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    Excitatory Cerebellar Nuc

    leocortical Circuit Provides Internal Amplification during Associative Conditioning


    d Cerebellar nuclei provide modular corollary discharge to the

    cerebellar cortex

    d Nucleocortical afferents have unique molecular and

    ultrastructural features

    d Eyeblink conditioning induces structural plasticity of

    nucleocortical mossy fibers

    d Nucleocortical afferents amplify the amplitude of conditioned

    eyeblink responses

    Gao et al., 2016, Neuron 89, 645–657 February 3, 2016 ª2016 The Authors http://dx.doi.org/10.1016/j.neuron.2016.01.008


    Zhenyu Gao, Martina Proietti-Onori,

    Zhanmin Lin, ..., Tom J.H. Ruigrok,

    Freek E. Hoebeek, Chris I. De Zeeuw

    Correspondence z.gao@erasmusmc.nl (Z.G.), c.dezeeuw@erasmusmc.nl (C.I.D.Z.)

    In Brief

    The role of the closed-loop circuitry

    between cerebellar nuclei and cortex is

    unknown. Gao et al. show that

    nucleocortical inputs provide corollary

    discharges to the granular layer, are

    plastic upon eyeblink conditioning, and

    amplify the amplitude of conditioned


    mailto:z.gao@erasmusmc.nl mailto:c.dezeeuw@erasmusmc.nl http://dx.doi.org/10.1016/j.neuron.2016.01.008 http://crossmark.crossref.org/dialog/?doi=10.1016/j.neuron.2016.01.008&domain=pdf

  • Neuron


    Excitatory Cerebellar Nucleocortical Circuit Provides Internal Amplification during Associative Conditioning Zhenyu Gao,1,* Martina Proietti-Onori,1 Zhanmin Lin,1 Michiel M. ten Brinke,1 Henk-Jan Boele,1 Jan-Willem Potters,1

    Tom J.H. Ruigrok,1 Freek E. Hoebeek,1 and Chris I. De Zeeuw1,2,* 1Department of Neuroscience, Erasmus MC, 3015 CN Rotterdam, the Netherlands 2Netherlands Institute for Neuroscience, Royal Dutch Academy of Arts & Sciences (KNAW), 1105 BA Amsterdam, the Netherlands *Correspondence: z.gao@erasmusmc.nl (Z.G.), c.dezeeuw@erasmusmc.nl (C.I.D.Z.)


    This is an open access article under the CC BY-NC-ND license (http://creativecommons.org/licenses/by-nc-nd/4.0/).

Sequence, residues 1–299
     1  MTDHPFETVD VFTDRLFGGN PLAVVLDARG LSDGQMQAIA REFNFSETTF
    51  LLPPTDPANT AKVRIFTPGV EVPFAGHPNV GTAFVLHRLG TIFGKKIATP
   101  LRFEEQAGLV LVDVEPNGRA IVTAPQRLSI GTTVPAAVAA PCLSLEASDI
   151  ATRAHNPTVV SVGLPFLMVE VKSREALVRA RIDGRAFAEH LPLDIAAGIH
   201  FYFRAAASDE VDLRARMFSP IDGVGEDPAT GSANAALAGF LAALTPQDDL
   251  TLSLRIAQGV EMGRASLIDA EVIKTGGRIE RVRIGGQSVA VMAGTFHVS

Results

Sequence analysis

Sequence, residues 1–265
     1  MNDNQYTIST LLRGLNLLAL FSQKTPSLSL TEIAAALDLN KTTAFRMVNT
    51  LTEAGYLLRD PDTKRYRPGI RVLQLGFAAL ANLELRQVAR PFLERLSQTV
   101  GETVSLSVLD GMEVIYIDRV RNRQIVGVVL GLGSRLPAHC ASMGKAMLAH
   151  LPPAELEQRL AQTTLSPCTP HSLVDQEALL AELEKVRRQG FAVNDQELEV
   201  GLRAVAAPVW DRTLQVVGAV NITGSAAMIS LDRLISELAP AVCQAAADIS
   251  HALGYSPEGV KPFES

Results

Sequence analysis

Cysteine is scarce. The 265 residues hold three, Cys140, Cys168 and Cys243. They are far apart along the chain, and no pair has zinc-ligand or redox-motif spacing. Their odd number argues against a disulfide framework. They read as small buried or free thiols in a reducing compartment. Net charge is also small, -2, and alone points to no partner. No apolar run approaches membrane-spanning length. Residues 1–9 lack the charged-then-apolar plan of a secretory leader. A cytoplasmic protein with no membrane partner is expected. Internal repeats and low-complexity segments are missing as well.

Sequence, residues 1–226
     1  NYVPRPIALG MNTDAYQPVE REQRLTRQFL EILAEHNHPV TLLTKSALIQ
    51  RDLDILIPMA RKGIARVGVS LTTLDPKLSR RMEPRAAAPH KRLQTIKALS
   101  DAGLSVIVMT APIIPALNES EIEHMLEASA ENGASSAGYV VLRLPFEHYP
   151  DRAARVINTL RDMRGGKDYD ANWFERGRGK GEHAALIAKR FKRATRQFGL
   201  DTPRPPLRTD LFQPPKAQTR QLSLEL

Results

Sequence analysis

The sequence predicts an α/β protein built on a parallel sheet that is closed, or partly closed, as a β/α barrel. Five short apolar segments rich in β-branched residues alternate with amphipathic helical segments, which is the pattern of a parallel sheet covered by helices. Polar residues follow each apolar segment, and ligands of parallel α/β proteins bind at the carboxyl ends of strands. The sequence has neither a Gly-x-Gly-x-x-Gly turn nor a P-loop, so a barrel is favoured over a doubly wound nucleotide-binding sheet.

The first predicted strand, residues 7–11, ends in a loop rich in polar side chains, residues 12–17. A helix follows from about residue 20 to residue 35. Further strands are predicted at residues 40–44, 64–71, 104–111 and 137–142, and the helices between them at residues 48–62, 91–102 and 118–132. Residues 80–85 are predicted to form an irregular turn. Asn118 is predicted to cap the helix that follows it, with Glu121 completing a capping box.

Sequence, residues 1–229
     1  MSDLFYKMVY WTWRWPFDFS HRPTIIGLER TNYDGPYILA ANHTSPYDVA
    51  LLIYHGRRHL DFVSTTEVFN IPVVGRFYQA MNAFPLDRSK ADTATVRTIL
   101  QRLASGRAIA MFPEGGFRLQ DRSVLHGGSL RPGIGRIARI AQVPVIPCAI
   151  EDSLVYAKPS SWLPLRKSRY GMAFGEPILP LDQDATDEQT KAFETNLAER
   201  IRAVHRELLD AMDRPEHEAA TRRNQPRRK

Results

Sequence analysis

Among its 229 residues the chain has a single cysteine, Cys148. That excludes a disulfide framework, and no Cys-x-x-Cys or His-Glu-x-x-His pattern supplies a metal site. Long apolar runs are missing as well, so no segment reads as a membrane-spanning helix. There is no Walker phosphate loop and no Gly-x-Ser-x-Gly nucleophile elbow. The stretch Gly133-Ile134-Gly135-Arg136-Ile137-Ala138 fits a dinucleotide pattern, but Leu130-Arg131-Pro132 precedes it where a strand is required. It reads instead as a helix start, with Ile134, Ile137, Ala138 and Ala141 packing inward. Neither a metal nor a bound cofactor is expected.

Closed-loop circuitries between cortical and subcor- tical regions can facilitate precision of output patterns, but the role of such networks in the cerebellum remains to be elucidated. Here, we char- acterize the role of internal feedback from the cere- bellar nuclei to the cerebellar cortex in classical eyeblink conditioning. We find that excitatory output neurons in the interposed nucleus provide effer- ence-copy signals via mossy fibers to the cerebellar cortical zones that belong to the same module, triggering monosynaptic responses in granule and Golgi cells and indirectly inhibiting Purkinje cells. Upon conditioning, the local density of nucleo- cortical mossy fiber terminals significantly in- creases. Optogenetic activation and inhibition of nucleocortical fibers in conditioned animals in- creases and decreases the amplitude of learned eyeblink responses, respectively. Our data show that the excitatory nucleocortical closed-loop cir- cuitry of the cerebellum relays a corollary discharge of premotor signals and suggests an amplifying role of this circuitry in controlling associative motor learning.


    Accurate execution and error correction of motor behavior

    requires specific neural computation and dedicated wiring of

    neural circuits in the brain. Cortical and subcortical regions

    are usually connected by closed-loop circuitries, which are

    thought to determine the precision of final output patterns

    (Ahissar and Kleinfeld, 2003; Kelly and Strick, 2003; McCormick

    et al., 2015; Moser et al., 2008; Shepherd, 2013; Strick et al.,

    2009). The cerebellum controls a variety of sensorimotor

    tasks with high spatial and temporal accuracy (De Zeeuw

    et al., 2011; Dean et al., 2010; Gao et al., 2012; Ito, 2006),

    but surprisingly little is known about its internal closed-loop

    circuitry between the cerebellar nuclei and cortex. The cere-

    bellar cortex receives glutamatergic climbing fiber (CF) and

    mossy fiber (MF) inputs from inferior olive and other pre-cere-

    bellar nuclei, respectively, while the cerebellar nuclei receive